This is a method that has been used for sustance abuse intervention by non-specialists. It is suggested as a method for healthcare practitioners of all types to use for opportunistic interventions when they encounter a situation in which a person's ideal behavior is discrepant from their actual behavior (I can't think of any examples, can you?). One study suggested that brief interventions work better than no intervention at all, and sometimes as well as more intensive treatment. It appears to be adaptable to many risk behaviors and populations.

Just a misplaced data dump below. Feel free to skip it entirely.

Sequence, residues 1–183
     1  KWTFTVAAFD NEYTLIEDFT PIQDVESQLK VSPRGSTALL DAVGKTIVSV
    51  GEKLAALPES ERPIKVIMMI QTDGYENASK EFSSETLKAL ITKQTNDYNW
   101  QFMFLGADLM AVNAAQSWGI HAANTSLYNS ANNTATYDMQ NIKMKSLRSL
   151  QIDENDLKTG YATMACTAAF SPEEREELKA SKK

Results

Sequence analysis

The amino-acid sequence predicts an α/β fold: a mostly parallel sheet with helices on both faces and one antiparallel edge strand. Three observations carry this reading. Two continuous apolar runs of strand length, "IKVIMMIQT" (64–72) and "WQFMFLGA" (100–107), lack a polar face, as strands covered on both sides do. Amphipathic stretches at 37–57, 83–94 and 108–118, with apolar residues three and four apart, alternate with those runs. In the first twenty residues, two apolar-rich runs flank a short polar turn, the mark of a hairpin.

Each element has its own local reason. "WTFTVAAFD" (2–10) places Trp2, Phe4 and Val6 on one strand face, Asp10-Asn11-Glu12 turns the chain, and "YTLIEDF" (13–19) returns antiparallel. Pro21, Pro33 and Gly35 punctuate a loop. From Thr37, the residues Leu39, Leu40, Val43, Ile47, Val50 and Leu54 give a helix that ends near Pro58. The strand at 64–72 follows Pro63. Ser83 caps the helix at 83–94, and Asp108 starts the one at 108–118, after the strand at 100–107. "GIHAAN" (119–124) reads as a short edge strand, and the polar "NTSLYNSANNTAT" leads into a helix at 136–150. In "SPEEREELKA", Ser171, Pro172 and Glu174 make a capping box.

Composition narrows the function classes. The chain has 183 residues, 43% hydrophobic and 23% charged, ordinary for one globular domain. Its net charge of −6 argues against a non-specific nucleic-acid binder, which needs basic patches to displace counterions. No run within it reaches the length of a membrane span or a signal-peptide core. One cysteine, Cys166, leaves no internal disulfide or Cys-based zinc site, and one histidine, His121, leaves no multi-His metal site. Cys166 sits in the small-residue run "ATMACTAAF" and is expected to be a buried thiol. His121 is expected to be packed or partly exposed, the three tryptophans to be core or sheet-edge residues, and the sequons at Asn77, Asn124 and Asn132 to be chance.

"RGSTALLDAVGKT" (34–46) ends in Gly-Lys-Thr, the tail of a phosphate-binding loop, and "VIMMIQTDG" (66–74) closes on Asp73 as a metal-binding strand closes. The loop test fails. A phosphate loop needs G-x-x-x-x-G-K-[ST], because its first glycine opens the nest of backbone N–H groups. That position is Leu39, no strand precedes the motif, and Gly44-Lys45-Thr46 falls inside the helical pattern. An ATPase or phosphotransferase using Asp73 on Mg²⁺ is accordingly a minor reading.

It reminds me very much of nonviolent communication, as expounded in the book of that title by Marshall Rosenberg.
The technique is client-centered and is designed to build trust and reduce resistance, and to increase readiness for change. The principles include:
1) understanding the client's view accurately
2) avoiding or de-escalating resistance
3) increasing the client's self-efficacy
4) increasing their perceived discrepancy between their actual and idea behavior
The active components of the technique are:
1) increasing readiness to change
2) using empathic listening techniques
3) increasing self-efficacy
4) increasing percieved discrepancy